by Paul Jacob
The election is over, thank goodness. Maybe I can stop living in the airport for a little while. At least I can report victories on a number of the ballot initiatives I favored, for example making it harder for governments to grab private property.
Congressional Republicans, though, lost big time, as we all know. What lessons can we draw from the thumping they got on November 7?
Well, there are many, and pundits are in overdrive right now explaining all the red-state and blue-state and purple and pink permutations.
The biggest issue was the war in Iraq. But, beyond that and all the scandals, voters were often being offered no choice at all when it came to issues of domestic spending and other big-government excesses.
The Club for Growth did a poll just before the election that confirms this conclusion. As summarized by its President, former Congressman Pat Toomey: "Voters used to think that Republicans meant what they said when it came to limited government. They don't any more."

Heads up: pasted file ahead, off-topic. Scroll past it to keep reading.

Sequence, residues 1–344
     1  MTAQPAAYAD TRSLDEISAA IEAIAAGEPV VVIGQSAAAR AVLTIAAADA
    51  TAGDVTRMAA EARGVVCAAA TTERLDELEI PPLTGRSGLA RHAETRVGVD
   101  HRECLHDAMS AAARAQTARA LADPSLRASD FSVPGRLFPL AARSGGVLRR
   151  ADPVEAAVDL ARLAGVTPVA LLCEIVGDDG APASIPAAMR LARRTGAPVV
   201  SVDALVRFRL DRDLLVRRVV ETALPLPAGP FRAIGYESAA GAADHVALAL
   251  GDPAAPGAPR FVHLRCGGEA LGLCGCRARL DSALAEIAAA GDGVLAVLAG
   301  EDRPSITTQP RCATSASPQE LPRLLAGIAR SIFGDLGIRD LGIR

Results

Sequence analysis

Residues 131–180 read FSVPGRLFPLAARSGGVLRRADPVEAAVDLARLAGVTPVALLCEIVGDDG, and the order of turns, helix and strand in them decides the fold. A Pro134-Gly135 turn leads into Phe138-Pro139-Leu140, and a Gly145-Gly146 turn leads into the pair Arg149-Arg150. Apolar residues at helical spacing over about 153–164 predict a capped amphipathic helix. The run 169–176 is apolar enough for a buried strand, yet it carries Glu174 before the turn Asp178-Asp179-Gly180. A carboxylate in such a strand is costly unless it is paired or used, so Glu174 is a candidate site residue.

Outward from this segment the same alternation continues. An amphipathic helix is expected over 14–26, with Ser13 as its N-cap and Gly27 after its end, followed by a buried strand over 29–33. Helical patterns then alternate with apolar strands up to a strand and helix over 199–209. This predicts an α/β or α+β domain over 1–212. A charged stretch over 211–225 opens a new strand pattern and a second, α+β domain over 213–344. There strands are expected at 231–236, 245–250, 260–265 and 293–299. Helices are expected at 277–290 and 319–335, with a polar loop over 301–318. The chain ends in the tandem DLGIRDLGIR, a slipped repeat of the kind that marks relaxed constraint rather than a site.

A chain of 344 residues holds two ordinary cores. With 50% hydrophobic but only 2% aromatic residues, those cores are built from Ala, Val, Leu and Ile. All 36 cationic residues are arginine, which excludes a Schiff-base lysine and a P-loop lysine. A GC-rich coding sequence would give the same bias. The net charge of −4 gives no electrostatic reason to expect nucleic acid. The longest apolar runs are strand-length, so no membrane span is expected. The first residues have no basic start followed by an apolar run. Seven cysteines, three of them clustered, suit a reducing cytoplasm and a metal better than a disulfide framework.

Club for Growth surveyed 800 likely voters in 15 competitive districts with Republican incumbents. When asked which party is doing a better job "eliminating wasteful spending," the Democrats led 39 percent to 25 percent. “Which party is ‘the party of big government?’ The Republicans, by an 11 point margin,” Toomey moans.
Someone once told me that the longer any of these politicians remain in power, the more likely they are to play politics as usual. Now, who was that?
Paul Jacob's "Common Sense" is published by Americans for Limited Government. Their website can be visited at www.limitedgov.org.